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Call Number LoNNe @ schroer @ Serial 1579
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Author Navarro, Johanna Y.; Lahti, David C.
Title Light Dulls and Darkens Bird Eggs Type Journal Article
Year (down) 2014 Publication PloS one Abbreviated Journal
Volume 9 Issue 12 Pages e116112
Keywords aanimals; birds; eggshell; color
Abstract Although egg color is generally consistent within individual birds and robust to environmental variation, recent evidence suggests a degree of susceptibility to environmental perturbation or modulation of egg color. Most of this variation manifests via the physiology of the laying female, but some direct impacts of the environment on laid eggs have also been discovered. Here we test whether light changes bird egg color and we quantify its effect, by subjecting variable blue-green eggs of Rüppell's weaver (Ploceus galbula) to a broad-spectrum light source under laboratory conditions, and measuring egg reflectance every few hours. Eggshells gradually decreased in reflectance across the entire measured wavelength spectrum of 250–800 nm. Reflectance peaks were disproportionately affected, such that the height decreased of both the blue-green peak and the smaller UV peak typical of blue-green eggs. The reflectance of lighter eggs was affected slightly more than that of darker eggs. These changes are similar to previous results for changes over long periods of time in darkness, suggesting that light might hasten the same process of pigment degradation that proceeds even without light. Comparison between the experimental light source and both sunlight and typical artificial lighting situations raises the possibility that significant color change might occur during incubation in some birds, but indicates that eggshell illumination in museums for short periods of study is unlikely to affect their color to a detectable extent. Additional research should be performed on eggs of other species and in other light environments, with an eye to an eventual generalized model of the effect of light on eggshell color.
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Call Number LoNNe @ schroer @ Serial 1597
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Author Nelson, J.A.; Bugbee, B.
Title Economic analysis of greenhouse lighting: light emitting diodes vs. high intensity discharge fixtures Type Journal Article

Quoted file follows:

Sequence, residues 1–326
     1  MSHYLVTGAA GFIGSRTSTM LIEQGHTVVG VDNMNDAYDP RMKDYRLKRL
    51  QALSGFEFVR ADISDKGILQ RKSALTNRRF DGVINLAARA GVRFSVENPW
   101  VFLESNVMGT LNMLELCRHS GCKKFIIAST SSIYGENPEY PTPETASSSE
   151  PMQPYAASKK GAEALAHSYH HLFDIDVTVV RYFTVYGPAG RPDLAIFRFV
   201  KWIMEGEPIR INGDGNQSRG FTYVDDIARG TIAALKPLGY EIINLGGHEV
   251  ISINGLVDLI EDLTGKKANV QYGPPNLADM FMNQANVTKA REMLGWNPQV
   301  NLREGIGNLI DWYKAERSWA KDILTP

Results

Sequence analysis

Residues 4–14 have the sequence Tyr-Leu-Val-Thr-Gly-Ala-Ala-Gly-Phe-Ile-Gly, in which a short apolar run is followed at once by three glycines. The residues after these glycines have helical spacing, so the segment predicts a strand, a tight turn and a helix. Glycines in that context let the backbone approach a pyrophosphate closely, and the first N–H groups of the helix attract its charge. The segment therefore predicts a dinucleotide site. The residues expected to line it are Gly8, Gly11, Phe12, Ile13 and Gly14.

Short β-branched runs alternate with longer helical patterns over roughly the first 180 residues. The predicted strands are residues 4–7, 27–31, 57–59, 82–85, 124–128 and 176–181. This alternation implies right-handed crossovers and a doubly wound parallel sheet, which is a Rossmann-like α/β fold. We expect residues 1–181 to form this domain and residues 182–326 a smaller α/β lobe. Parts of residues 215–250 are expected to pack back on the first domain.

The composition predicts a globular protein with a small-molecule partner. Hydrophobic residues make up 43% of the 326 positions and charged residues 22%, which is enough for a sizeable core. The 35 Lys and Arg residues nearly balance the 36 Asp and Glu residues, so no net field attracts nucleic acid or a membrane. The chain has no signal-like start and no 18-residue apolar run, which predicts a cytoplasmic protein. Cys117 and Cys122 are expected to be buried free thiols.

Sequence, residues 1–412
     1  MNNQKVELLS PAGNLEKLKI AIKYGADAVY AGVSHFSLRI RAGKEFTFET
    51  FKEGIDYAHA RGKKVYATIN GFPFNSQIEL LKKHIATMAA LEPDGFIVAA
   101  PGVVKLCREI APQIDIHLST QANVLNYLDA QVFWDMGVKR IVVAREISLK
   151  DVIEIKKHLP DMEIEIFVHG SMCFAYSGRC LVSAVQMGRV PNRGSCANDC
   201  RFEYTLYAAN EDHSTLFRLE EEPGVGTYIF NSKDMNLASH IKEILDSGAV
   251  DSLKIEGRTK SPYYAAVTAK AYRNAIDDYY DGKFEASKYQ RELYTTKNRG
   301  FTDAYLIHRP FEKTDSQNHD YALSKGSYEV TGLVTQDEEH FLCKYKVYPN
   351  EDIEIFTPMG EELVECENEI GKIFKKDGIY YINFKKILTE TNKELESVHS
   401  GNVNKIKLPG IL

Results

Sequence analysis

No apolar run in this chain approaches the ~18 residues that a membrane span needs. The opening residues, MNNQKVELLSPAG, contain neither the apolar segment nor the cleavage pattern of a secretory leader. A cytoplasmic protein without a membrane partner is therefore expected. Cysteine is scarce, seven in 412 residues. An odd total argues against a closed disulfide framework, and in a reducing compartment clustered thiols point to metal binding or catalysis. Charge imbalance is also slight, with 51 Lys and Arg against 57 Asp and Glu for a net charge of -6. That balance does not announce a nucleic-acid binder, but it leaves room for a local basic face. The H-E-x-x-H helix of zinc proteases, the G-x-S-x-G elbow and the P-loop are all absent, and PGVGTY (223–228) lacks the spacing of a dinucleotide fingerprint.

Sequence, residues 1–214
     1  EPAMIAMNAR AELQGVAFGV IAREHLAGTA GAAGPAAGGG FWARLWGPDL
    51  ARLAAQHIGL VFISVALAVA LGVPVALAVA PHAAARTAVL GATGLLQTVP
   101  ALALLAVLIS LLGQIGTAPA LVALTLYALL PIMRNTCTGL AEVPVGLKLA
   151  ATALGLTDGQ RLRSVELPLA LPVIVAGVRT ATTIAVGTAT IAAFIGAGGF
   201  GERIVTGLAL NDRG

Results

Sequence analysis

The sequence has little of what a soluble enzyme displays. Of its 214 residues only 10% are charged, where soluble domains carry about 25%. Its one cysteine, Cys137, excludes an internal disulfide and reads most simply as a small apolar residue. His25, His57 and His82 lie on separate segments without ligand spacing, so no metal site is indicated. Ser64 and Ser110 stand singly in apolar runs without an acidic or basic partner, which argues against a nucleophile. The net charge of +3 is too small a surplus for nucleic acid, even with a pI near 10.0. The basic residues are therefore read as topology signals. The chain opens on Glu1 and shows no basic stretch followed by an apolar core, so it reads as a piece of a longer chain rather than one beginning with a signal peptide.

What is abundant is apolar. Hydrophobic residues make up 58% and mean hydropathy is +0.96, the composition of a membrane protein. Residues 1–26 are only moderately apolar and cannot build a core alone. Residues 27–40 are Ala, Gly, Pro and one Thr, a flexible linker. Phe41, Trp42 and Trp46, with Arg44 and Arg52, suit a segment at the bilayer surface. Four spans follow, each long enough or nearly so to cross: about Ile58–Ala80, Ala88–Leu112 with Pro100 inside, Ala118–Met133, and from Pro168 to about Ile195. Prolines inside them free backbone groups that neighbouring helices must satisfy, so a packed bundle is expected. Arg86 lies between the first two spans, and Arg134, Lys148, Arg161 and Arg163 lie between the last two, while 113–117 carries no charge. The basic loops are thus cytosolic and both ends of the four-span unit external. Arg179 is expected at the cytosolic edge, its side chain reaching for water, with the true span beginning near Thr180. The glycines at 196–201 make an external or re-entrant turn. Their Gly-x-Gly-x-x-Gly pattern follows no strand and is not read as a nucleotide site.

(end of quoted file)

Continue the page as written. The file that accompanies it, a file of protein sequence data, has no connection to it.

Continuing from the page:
Year (down) 2014 Publication PloS one Abbreviated Journal PLoS One
Volume 9 Issue 6 Pages e99010
Keywords Plants
Abstract Lighting technologies for plant growth are improving rapidly, providing numerous options for supplemental lighting in greenhouses. Here we report the photosynthetic (400-700 nm) photon efficiency and photon distribution pattern of two double-ended HPS fixtures, five mogul-base HPS fixtures, ten LED fixtures, three ceramic metal halide fixtures, and two fluorescent fixtures. The two most efficient LED and the two most efficient double-ended HPS fixtures had nearly identical efficiencies at 1.66 to 1.70 micromoles per joule. These four fixtures represent a dramatic improvement over the 1.02 micromoles per joule efficiency of the mogul-base HPS fixtures that are in common use. The best ceramic metal halide and fluorescent fixtures had efficiencies of 1.46 and 0.95 micromoles per joule, respectively. We also calculated the initial capital cost of fixtures per photon delivered and determined that LED fixtures cost five to ten times more than HPS fixtures. The five-year electric plus fixture cost per mole of photons is thus 2.3 times higher for LED fixtures, due to high capital costs. Compared to electric costs, our analysis indicates that the long-term maintenance costs are small for both technologies. If widely spaced benches are a necessary part of a production system, the unique ability of LED fixtures to efficiently focus photons on specific areas can be used to improve the photon capture by plant canopies. Our analysis demonstrates, however, that the cost per photon delivered is higher in these systems, regardless of fixture category. The lowest lighting system costs are realized when an efficient fixture is coupled with effective canopy photon capture.